In part, this reaction may be due to my own areas of interest, but I think it’s quite accurate, basically. And I think that this concentration on such topics as sports makes a certain degree of sense. The way the system is set up, there is virtually nothing people can do anyway, without a degree of organization that’s far beyond anything that exists now, to influence the real world. They might as well live in a fantasy world, and that’s in fact what they do. I’m sure they are using their common sense and intellectual skills, but in an area which has no meaning and probably thrives because it has no meaning, as a displacement from the serious problems which one cannot influence and affect because the power happens to lie elsewhere.
Now it seems to me that the same intellectual skill and capacity for understanding and for accumulating evidence and gaining information and thinking through problems could be used — would be used — under different systems of governance which involve popular participation in important decision-making, in areas that really matter to human life.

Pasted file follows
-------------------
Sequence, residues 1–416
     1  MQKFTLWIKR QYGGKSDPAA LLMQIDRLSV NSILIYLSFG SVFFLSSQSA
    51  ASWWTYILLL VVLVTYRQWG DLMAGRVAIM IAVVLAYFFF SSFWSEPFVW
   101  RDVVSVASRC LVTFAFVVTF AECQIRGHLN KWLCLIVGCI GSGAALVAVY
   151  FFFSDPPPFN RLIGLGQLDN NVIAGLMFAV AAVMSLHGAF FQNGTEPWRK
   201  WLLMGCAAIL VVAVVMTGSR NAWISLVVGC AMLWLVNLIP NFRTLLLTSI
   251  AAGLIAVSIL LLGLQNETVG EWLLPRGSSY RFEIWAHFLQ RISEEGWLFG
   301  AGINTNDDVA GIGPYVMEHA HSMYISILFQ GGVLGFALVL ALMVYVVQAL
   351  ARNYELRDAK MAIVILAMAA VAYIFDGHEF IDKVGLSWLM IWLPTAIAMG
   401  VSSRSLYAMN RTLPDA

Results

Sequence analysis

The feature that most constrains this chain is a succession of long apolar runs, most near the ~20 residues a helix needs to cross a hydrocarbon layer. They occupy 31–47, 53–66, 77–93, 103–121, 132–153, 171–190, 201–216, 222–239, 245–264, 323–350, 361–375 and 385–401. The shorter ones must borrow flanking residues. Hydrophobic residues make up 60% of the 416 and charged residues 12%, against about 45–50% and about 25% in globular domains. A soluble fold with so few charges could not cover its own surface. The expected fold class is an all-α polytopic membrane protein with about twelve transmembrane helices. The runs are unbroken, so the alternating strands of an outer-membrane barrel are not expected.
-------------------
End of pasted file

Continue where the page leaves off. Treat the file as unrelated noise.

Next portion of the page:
I have a relation who was diagnosed in her twenties with schizophrenia (and she was full-blown psychotic), but it seems to have just disappeared. She’s been fine for decades and has a full-time, demanding job. So this news may help explain why:
Schizophrenia is classified as a psychotic disorder, one characterized by an inability to discern what is real and not real, to think clearly, have normal emotional responses, and act normally in social situations. As Elyn Saks told us last year, “it’s a waking nightmare, where you have all the bizarre images, the terrible things happening, and the utter terror — only with a nightmare you open your eyes and it goes away. No such luck with a psychotic episode.”
Scientists aren’t entirely sure what causes it, nor does it manifest identically in all people who have it (leading to the broader diagnosis of being on the ‘schizophrenia spectrum’). But links have been made to genetics, social factors (including early development), and neurobiology. The heritability link looks to be particularly promising, however; about 80% of the risk for schizophrenia is genetic. Yet scientists have struggled to identify which genes are responsible for the condition.
But a novel approach to analyzing genetic influences on more than 4,000 people with schizophrenia has finally allowed researchers to identify distinct gene clusters that contribute to eight different classes of schizophrenia.